• Your LDL-P is around the 5th percentile and your ratio of LDL-P to HDL-P is about 18 (lowest quartile is a ratio of 35). A statin in you would be malpractice, in my opinion…

  8. Thanks very much, Dr. A. I will continue to resist the advice that if cholesterol >200, then you should/must be on a statin. Will also resist the logic that “statins may have side effects, but it’s better than a heart attack.” My wife’s doctor doesn’t even do the NMR…

    Your cholesterol series was superb.

  9. Health Diagnostics Lab did my blood profile, They gave me a “low risk” number for apo B and a high risk number for ldl-P (by nmr). They say apo B was measured, not calculated. So, I don’t know what to think of this since they are both particle counts. I’ve tried to get a good explaination from the lab but no luck there. This makes me wonder if the test results are accurate at all? Any ideas?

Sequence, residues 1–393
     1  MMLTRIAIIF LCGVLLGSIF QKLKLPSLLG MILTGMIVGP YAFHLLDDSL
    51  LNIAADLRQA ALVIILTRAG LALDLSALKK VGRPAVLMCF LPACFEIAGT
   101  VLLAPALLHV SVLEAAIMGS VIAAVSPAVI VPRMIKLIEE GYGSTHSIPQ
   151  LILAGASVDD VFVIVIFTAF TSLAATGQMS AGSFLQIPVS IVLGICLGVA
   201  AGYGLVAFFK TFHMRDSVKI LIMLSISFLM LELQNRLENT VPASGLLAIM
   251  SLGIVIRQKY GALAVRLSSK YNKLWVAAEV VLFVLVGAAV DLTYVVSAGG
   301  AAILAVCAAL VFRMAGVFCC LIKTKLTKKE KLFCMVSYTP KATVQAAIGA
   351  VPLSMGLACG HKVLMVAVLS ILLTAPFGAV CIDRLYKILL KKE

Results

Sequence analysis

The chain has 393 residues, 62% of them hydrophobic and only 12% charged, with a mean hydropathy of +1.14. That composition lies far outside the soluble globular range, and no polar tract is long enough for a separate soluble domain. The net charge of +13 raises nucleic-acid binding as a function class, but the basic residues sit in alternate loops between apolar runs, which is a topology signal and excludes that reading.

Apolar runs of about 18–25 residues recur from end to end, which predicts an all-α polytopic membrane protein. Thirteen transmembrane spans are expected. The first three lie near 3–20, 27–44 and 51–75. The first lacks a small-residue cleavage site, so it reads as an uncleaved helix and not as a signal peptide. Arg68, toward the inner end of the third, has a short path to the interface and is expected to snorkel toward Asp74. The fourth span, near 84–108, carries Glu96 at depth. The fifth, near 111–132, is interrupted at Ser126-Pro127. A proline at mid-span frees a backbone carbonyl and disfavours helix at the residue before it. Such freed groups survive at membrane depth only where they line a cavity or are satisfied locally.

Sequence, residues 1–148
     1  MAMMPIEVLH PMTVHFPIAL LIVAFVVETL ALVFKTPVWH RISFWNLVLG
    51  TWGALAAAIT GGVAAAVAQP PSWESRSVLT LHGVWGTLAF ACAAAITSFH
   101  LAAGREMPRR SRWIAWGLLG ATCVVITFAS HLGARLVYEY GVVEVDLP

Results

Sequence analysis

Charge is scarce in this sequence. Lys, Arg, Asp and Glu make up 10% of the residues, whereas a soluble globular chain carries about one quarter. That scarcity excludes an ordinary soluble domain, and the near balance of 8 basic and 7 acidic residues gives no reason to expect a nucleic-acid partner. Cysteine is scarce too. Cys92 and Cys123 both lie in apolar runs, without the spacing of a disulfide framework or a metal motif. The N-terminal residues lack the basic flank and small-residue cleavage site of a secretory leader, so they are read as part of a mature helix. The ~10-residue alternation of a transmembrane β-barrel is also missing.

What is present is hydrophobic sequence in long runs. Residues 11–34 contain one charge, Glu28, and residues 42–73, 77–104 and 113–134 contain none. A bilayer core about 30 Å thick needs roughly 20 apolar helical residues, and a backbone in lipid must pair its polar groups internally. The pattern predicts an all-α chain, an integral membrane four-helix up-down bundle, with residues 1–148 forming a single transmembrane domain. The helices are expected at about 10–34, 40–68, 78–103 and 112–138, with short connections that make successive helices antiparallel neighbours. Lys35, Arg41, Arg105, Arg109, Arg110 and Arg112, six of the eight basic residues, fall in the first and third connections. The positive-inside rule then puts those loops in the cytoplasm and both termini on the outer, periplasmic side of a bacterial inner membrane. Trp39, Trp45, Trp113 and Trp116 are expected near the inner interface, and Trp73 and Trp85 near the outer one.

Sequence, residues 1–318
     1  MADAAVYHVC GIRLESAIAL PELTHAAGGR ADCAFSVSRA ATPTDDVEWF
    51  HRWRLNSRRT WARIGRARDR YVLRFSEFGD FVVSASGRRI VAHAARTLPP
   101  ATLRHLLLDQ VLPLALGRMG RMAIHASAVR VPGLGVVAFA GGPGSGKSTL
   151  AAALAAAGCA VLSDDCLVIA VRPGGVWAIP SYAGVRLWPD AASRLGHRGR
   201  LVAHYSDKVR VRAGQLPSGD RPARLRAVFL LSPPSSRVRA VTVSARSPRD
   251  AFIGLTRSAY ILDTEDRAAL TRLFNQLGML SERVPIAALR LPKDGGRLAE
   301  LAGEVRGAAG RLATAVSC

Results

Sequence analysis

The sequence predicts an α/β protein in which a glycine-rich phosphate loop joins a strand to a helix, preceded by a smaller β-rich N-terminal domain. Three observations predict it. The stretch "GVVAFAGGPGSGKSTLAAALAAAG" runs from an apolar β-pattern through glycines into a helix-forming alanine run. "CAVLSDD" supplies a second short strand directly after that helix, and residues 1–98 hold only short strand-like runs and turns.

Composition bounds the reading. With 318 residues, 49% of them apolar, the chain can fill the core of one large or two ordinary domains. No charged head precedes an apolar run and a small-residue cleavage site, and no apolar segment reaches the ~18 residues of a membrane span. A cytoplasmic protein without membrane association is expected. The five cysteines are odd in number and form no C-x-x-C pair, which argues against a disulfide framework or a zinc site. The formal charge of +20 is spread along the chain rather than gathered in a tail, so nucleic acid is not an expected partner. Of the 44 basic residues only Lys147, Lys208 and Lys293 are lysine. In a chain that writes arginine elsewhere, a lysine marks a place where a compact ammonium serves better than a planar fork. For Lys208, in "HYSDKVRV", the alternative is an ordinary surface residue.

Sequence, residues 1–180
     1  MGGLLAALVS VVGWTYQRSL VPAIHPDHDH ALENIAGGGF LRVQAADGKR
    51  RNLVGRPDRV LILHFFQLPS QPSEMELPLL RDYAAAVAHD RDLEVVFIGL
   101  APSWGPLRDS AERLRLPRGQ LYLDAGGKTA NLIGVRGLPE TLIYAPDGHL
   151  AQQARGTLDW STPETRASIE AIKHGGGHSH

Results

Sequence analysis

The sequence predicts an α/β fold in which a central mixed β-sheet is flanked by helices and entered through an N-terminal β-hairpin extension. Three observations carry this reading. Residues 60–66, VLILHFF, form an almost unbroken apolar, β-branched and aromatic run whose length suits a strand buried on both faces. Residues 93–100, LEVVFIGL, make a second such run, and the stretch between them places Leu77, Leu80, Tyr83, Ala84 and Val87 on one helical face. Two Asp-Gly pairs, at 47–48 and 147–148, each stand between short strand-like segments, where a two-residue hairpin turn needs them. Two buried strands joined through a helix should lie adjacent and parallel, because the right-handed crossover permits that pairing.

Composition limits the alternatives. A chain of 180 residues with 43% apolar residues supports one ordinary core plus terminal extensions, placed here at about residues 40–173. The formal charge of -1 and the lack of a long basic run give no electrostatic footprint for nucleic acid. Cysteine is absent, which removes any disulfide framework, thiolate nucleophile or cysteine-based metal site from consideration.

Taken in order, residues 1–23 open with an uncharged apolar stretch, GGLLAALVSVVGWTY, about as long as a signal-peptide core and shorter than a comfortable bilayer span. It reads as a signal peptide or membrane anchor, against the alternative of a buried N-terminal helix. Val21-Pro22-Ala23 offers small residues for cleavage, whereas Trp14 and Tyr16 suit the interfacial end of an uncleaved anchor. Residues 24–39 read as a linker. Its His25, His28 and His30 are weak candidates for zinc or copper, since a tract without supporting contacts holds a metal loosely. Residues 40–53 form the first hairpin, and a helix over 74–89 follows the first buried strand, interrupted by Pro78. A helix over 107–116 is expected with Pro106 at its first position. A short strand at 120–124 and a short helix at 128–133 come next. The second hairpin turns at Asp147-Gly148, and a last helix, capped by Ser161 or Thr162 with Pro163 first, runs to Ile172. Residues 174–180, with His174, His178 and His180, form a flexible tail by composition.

• Not entirely. LDL-P is exactly as it is billed. ApoB is, even measured, is an indirect measure of particle count because each LDL particle has one apoB. However, other particles have apoB, also, such as VLDL. When both are presented, LDL-P is the better predictor of risk.

    • I understand that every LDL particle has an apo-b and other particles can also have an apo-b. It just seems to me that the apo-b measurement would tend to reflect more risk and not less risk than the ldl-p (by nmr).
      If I had only the apo-b report, I would be wrongly thinking that my risk is very low. So I’m wondering if others should not count on their apo-b results either ?
      I had a follow-up ldl-p done that also showed high risk ldl-p. This second report came from Direct Labs and only cost $57. It was a very basic lipid panel but does include the all important ldl-p by nmr.
      The advanced lipid panel from Health Diagnostics Labs cost nearly $1000.